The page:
Transfer efficiency is influenced by molecular weight; proteins smaller than 60 kDa are transferred more efficiently than larger ones, irrespective of transfer buffer. The addition of 0.1% SDS has been reported to improve transfer of larger proteins, but may cause a general reduction in protein binding to a nitrocellulose membrane, due to interruption of hydrophobic interactions. In addition, the presence of detergent and the heating caused by high transfer current may have adverse effects on epitope stability, and consequently adversely affect the antibody-based detection of transferred proteins.
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The uniformity and overall effectiveness of the transfer of protein from the gel to the membrane can be checked by staining the membrane with a reversible dye, such as the Novex® Reversible Membrane Stain.
The reversible nature of this stain allows you to subsequently destain the membrane without affecting downstream probing of the membrane with antibodies.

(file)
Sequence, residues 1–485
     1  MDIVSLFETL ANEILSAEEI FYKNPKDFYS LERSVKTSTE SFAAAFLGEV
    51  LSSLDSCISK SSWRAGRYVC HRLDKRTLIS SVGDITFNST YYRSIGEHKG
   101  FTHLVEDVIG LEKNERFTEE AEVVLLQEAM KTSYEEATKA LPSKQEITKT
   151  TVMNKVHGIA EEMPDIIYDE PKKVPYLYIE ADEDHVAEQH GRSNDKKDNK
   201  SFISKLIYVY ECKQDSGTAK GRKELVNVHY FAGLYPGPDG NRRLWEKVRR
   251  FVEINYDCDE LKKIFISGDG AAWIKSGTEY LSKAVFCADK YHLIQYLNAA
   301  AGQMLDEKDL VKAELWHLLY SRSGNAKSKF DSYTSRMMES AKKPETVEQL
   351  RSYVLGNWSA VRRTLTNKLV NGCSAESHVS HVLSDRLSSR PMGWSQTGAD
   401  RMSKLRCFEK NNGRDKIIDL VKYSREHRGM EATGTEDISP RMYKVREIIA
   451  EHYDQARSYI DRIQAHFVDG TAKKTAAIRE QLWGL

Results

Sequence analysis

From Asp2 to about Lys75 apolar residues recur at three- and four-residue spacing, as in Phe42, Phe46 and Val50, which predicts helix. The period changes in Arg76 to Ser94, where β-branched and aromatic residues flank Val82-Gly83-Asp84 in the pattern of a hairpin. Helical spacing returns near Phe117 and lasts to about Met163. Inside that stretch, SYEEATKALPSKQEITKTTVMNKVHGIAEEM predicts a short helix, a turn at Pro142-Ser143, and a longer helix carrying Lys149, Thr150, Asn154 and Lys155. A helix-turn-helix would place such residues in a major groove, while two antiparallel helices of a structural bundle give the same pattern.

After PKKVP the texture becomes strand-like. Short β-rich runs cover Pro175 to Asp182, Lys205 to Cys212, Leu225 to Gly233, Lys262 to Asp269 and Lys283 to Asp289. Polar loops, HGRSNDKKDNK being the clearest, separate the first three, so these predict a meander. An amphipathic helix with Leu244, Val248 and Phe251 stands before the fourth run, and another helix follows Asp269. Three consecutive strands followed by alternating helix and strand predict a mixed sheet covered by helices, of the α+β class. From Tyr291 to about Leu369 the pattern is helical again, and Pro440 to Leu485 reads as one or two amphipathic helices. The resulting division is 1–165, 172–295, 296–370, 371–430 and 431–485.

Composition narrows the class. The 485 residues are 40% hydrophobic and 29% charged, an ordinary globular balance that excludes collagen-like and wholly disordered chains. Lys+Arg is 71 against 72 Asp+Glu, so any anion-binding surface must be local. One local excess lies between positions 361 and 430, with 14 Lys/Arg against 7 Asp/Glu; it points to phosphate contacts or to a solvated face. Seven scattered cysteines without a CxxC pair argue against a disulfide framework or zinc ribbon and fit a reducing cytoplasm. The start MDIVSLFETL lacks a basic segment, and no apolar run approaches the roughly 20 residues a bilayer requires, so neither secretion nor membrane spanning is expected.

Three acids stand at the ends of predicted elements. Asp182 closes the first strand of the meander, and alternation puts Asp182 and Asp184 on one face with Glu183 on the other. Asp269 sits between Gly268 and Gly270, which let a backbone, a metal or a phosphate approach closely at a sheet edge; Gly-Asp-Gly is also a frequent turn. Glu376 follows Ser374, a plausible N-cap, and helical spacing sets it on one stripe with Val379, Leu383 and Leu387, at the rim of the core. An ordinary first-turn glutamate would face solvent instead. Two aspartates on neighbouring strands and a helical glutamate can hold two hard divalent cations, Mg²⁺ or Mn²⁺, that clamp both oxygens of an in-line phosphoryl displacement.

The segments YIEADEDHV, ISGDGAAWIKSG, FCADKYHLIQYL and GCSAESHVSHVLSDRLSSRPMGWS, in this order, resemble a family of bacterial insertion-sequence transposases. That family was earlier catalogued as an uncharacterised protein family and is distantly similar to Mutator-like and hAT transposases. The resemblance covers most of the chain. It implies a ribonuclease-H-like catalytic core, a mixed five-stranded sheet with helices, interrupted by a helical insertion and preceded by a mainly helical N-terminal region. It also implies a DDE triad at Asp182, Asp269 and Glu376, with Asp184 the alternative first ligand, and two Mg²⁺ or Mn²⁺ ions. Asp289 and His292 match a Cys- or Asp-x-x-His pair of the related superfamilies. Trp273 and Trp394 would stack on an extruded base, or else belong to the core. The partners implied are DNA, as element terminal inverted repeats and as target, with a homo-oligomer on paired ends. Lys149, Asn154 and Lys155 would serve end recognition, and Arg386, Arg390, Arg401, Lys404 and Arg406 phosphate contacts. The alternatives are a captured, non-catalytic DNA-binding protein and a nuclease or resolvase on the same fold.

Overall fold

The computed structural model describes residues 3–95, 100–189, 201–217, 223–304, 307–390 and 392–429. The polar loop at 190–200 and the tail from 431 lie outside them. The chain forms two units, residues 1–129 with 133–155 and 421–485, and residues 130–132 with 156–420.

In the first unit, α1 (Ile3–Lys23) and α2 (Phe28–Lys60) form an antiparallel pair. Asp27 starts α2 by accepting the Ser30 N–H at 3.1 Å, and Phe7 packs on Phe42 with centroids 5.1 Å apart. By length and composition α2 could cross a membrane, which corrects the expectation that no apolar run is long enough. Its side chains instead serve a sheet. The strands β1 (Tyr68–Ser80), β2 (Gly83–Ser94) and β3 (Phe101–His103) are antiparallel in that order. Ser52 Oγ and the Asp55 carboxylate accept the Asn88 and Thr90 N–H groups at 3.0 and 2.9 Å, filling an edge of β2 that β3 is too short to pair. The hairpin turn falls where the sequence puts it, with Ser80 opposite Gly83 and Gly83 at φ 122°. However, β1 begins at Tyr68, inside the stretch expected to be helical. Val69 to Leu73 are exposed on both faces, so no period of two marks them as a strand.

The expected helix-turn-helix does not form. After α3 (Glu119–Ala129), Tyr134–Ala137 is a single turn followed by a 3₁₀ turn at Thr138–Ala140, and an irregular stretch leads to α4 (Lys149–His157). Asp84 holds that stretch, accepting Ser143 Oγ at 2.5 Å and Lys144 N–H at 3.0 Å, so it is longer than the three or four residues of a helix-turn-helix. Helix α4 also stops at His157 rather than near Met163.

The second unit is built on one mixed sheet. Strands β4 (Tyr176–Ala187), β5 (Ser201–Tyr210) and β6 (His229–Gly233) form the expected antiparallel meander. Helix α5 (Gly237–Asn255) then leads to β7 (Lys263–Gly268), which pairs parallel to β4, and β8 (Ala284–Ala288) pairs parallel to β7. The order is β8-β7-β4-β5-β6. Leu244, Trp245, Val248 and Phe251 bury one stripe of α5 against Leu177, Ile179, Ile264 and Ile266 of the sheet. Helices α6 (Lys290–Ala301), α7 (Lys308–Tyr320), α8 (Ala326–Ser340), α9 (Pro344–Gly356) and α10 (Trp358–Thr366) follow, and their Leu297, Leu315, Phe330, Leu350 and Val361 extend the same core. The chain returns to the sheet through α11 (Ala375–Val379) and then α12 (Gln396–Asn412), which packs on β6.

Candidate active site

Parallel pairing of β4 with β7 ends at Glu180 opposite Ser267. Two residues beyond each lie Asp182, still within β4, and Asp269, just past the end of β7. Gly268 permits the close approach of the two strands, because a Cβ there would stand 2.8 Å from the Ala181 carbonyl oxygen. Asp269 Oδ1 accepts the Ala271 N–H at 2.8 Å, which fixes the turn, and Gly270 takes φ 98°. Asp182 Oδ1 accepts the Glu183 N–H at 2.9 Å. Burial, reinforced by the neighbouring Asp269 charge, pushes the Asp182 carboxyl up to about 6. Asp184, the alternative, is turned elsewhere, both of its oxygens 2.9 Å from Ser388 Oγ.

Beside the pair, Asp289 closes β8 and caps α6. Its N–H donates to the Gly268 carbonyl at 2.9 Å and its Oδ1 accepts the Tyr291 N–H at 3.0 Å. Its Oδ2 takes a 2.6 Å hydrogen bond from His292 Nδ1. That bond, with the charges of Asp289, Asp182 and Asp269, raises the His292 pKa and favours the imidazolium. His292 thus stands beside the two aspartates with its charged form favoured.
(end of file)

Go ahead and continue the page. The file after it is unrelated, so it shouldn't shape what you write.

Because membrane materials are selected for their ability to bind protein, and both antibodies and their targets are proteins, steps must be taken to prevent interactions between the membrane and the antibody used for detection of the target protein. Blocking of nonspecific binding is achieved after transfer by placing the transfer membrane in a blocking solution such as WesternBreeze® Blocker. The blocking solution binds to any part of the membrane where transferred proteins have not already attached. Then, when the membrane is probed with antibody, the nonspecific protein-binding sites are already occupied and the antibody binds only to the specific target protein. This reduces “noise” in the final product of the western blot, enabling clearer results and minimizing false positives.